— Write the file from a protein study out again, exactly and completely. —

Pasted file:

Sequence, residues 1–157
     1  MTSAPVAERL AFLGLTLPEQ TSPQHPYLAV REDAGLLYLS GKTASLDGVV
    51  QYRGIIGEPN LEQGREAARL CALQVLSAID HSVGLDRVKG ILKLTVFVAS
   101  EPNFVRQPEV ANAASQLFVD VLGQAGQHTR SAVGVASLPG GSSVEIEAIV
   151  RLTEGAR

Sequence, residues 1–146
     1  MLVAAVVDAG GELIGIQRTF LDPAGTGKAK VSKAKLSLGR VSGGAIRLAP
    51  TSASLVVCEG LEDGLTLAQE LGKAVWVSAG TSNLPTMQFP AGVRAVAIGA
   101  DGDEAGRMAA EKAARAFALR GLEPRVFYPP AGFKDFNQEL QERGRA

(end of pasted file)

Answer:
Sequence, residues 1–157
     1  MTSAPVAERL AFLGLTLPEQ TSPQHPYLAV REDAGLLYLS GKTASLDGVV
    51  QYRGIIGEPN LEQGREAARL CALQVLSAID HSVGLDRVKG ILKLTVFVAS
   101  EPNFVRQPEV ANAASQLFVD VLGQAGQHTR SAVGVASLPG GSSVEIEAIV
   151  RLTEGAR

Sequence, residues 1–146
     1  MLVAAVVDAG GELIGIQRTF LDPAGTGKAK VSKAKLSLGR VSGGAIRLAP
    51  TSASLVVCEG LEDGLTLAQE LGKAVWVSAG TSNLPTMQFP AGVRAVAIGA
   101  DGDEAGRMAA EKAARAFALR GLEPRVFYPP AGFKDFNQEL QERGRA